Invitation to a Voyage: The Hudson River at Fishkill
In 1979, Sylvia Sleigh began work on Invitation to a Voyage, this 70-foot panorama of a picnic party on the east bank of the Hudson River. The title references a poem by Charles Baudelaire (French, 1821–1867), and the subject reflects idealistic paintings of figures outdoors dating back to the Renaissance. Specific art historical sources include the Pilgrimage to Cythera by Rococo painter Antoine Watteau (French, 1684–1721) and Luncheon in the Grass by Realist Edouard Manet (French, 1832–1883).
Sleigh had moved to the United States from England in 1961 and became an active member of New York feminist cooperative galleries, such as Soho 20 and A.I.R. Gallery. In the 1970s she became well known for her portraits of male nudes, based on traditional paintings of women bathers. Her deliberate role-reversal of the “male gaze” helped pave the way for the Feminist Art movement.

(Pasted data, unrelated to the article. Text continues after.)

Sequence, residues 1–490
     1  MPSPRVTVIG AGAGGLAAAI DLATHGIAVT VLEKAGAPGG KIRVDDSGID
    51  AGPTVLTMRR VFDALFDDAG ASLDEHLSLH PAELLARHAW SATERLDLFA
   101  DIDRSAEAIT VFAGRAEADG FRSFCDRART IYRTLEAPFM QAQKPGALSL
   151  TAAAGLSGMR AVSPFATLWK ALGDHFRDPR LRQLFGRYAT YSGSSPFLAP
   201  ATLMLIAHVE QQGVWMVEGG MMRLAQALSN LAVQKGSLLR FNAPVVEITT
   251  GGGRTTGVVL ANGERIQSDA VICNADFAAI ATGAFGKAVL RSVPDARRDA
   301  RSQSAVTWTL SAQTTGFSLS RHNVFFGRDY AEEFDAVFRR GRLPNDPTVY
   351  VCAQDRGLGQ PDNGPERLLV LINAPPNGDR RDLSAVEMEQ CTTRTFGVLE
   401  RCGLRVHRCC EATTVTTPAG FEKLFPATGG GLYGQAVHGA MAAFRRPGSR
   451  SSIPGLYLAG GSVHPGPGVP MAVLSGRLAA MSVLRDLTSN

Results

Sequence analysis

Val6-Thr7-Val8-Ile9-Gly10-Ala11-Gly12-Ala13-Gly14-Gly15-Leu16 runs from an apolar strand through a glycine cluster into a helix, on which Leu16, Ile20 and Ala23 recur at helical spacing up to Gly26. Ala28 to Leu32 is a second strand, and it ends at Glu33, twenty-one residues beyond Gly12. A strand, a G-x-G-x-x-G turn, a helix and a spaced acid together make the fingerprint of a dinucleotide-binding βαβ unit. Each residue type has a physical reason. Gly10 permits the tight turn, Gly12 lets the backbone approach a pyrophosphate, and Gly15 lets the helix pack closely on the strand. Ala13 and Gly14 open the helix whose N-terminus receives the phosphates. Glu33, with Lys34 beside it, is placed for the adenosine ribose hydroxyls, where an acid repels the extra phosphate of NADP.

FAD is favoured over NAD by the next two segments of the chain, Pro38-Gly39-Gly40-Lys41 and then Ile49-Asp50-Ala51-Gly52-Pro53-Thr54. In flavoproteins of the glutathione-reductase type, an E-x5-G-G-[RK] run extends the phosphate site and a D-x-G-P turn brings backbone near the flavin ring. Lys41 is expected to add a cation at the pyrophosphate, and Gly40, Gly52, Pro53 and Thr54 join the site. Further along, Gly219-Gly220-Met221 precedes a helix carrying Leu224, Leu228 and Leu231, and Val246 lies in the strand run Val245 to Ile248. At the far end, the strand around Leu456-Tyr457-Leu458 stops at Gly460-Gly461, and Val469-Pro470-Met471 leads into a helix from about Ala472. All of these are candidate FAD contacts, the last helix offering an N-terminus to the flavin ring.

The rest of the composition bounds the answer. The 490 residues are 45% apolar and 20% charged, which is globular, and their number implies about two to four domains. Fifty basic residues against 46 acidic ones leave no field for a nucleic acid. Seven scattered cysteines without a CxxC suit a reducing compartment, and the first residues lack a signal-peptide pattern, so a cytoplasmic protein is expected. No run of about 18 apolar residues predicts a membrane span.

With Invitation to a Voyage, Sleigh challenged herself to work in the scale of grand history paintings and panoramas of the nineteenth century, as well as the enormous canvases of the Abstract Expressionists. She believed women artists—in the past typecast as painters of miniatures and flowers—should make a statement with monumental works of art. The actual location where Sleigh posed her models is Beacon, New York, by the Hudson Line’s Breakneck Ridge train stop. The panorama includes portraits of herself, her husband (art critic and curator Lawrence Alloway) and friends from the New York art world. She completed the painting over a period of 20 years.